Narcissus /nɑːrˈsɪsəs/ is a genus of predominantly spring perennial plants in the Amaryllidaceae (amaryllis) family. Various common names including daffodil,[notes 1] daffadowndilly, narcissus, and jonquil are used to describe all or some members of the genus. Narcissus has conspicuous flowers with six petal-like tepals surmounted by a cup- or trumpet-shaped corona. The flowers are generally white or yellow (orange or pink in garden varieties), with either uniform or contrasting coloured tepals and corona.
Narcissus were well known in ancient civilisation, both medicinally and botanically, but formally described by Linnaeus' in his Species Plantarum (1753). The genus is generally considered to have about ten sections with approximately 50 species. The number of species has varied, depending on how they are classified, due to similarity between species and hybridization. The genus arose some time in the Late Oligocene to Early Miocene epochs, in the Iberian peninsula and adjacent areas of southwest Europe. The exact origin of the name Narcissus is unknown, but it is often linked to a Greek word for intoxicated (narcotic) and the myth of the youth of that name who fell in love with his own reflection. The English word 'daffodil' appears to be derived from "asphodel", with which it was commonly compared.
The species are native to meadows and woods in southwest Europe and North Africa with a center of diversity in the Western Mediterranean, particularly the Iberian peninsula. Both wild and cultivated plants have naturalised widely, and were introduced into the Far East prior to the tenth century. Narcissi tend to be long-lived bulbs, which propagate by division, but are also insect-pollinated. Known pests, diseases and disorders include viruses, fungi, the larvae of flies, mites and nematodes. Some Narcissus species have become extinct, while others are threatened by increasing urbanisation and tourism.
Historical accounts suggest narcissi have been cultivated from the earliest times, but became increasingly popular in Europe after the 16th century and by the late 19th century were an important commercial crop centred primarily on the Netherlands. Today narcissi are popular as cut flowers and as ornamental plants in private and public gardens. The long history of breeding has resulted in thousands of different cultivars. For horticultural purposes, narcissi are classified into divisions, covering a wide range of shapes and colours. Like other members of their family, narcissi produce a number of different alkaloids, which provide some protection for the plant, but may be poisonous if accidentally ingested. This property has been exploited for medicinal use in traditional healing and has resulted in the production of galantamine for the treatment of Alzheimer's dementia. Long celebrated in art and literature, narcissi are associated with a number of themes in different cultures, ranging from death to good fortune, and as symbols of Spring. The daffodil is the national flower of Wales and the symbol of cancer charities in many countries. The appearance of the wild flowers in spring is associated with festivals in many places. Narcissus is an genus of perennial herbaceous bulbiferous geophytes, dying back after flowering to an underground storage bulb. They regrow in the following year from brown-skinned ovoid bulbs with pronounced necks, and reach heights of 5�80 cm depending on the species. Dwarf species such as N. asturiensis have a maximum height of 5�8 cm, while Narcissus tazetta may grow as tall as 80 cm.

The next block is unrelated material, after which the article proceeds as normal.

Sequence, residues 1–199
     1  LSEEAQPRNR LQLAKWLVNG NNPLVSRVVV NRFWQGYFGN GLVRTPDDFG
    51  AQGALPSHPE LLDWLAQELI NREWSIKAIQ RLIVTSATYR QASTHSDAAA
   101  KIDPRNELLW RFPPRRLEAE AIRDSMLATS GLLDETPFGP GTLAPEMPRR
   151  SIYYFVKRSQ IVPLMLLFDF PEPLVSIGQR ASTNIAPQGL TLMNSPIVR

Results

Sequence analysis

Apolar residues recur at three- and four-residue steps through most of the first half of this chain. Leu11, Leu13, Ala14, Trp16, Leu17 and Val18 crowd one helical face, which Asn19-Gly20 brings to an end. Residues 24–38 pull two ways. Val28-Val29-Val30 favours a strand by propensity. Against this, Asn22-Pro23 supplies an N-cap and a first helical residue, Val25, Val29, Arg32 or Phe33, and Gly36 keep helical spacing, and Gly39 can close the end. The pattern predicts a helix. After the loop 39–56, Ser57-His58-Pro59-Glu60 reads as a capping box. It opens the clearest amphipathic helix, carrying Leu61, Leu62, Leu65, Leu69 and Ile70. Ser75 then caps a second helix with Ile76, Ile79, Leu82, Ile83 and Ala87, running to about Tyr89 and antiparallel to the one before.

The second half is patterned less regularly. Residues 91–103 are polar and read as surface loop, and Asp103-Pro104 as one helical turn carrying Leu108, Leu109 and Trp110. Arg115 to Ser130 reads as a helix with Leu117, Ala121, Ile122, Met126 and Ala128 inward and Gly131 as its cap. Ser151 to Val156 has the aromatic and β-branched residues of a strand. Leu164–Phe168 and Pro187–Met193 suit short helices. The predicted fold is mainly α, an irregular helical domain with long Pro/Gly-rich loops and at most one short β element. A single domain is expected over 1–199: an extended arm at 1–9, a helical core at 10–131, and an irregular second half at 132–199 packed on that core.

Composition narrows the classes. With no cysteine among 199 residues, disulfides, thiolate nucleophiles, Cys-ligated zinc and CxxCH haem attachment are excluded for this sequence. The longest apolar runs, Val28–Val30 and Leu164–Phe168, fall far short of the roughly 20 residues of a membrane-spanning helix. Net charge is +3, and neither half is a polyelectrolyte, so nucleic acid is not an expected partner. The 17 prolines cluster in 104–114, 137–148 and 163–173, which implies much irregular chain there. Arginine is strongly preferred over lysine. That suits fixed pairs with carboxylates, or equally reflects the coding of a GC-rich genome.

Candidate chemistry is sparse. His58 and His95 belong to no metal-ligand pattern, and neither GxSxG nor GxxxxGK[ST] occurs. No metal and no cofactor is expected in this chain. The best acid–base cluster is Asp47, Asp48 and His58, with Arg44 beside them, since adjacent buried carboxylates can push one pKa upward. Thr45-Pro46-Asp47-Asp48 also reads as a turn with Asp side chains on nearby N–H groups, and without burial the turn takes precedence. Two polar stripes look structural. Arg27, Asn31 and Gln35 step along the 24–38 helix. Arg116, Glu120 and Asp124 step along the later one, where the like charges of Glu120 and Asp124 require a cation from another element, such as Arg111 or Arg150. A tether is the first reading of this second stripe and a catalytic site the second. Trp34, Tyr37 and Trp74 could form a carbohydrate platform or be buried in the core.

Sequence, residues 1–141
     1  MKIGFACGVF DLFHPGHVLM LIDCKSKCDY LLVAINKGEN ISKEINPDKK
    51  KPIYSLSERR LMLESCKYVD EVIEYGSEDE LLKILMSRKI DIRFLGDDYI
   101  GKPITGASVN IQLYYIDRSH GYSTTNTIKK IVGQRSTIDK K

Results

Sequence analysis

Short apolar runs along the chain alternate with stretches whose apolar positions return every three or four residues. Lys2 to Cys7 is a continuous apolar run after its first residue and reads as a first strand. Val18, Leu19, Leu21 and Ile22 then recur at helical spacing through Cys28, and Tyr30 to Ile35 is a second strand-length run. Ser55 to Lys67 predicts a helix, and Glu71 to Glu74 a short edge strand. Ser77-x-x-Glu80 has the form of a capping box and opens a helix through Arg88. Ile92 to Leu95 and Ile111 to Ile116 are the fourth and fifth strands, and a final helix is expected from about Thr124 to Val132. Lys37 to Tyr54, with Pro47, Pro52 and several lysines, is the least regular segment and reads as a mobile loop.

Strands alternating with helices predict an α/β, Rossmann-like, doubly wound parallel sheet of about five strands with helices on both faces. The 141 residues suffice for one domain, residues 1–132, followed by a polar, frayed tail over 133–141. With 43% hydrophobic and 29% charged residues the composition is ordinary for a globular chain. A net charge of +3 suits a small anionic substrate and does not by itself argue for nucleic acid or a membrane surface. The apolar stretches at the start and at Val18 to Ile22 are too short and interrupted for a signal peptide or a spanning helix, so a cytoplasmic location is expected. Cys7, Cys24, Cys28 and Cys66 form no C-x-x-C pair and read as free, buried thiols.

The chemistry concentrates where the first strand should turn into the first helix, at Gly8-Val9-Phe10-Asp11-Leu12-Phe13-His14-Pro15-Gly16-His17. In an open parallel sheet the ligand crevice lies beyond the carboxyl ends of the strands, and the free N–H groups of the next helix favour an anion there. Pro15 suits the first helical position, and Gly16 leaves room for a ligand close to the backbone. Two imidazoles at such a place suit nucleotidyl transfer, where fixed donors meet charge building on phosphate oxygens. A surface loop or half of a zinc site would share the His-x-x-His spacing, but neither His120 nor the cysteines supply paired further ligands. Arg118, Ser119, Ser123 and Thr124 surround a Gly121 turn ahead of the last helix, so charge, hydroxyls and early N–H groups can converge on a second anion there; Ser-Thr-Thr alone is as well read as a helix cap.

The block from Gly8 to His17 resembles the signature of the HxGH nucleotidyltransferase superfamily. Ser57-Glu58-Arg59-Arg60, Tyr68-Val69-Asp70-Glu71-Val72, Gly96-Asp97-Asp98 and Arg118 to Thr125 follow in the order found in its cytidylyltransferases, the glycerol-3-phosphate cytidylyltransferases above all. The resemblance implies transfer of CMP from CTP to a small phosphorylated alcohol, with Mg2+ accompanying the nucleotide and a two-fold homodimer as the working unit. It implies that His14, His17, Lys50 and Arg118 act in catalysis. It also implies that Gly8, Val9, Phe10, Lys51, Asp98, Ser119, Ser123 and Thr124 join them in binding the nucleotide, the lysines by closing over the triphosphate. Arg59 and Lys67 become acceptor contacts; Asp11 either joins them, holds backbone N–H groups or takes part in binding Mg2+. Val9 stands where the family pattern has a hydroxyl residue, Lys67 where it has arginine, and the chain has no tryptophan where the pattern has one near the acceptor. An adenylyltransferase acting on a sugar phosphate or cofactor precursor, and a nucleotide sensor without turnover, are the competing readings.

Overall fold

The plants are scapose, having a single central leafless hollow flower stem (scape). Several green or blue-green, narrow, strap-shaped leaves arise from the bulb. The plant stem usually bears a solitary flower, but occasionally a cluster of flowers (umbel). The flowers, which are usually conspicuous and white or yellow, sometimes both or rarely green, consist of a perianth of three parts. Closest to the stem (proximal) is a floral tube above the ovary, then an outer ring composed of six tepals (undifferentiated sepals and petals), and a central disc to conical shaped corona. The flowers may hang down (pendent), or be erect. There are six pollen bearing stamens surrounding a central style. The ovary is inferior (below the floral parts) consisting of three chambers (trilocular). The fruit consists of a dry capsule that splits (dehisces) releasing numerous black seeds.
The bulb lies dormant after the leaves and flower stem die back and has contractile roots that pull it down further into the soil. The flower stem and leaves form in the bulb, to emerge the following season. Most species are dormant from summer to late winter, flowering in the spring, though a few species are autumn flowering. Wikipedia
March 23rd, 2016
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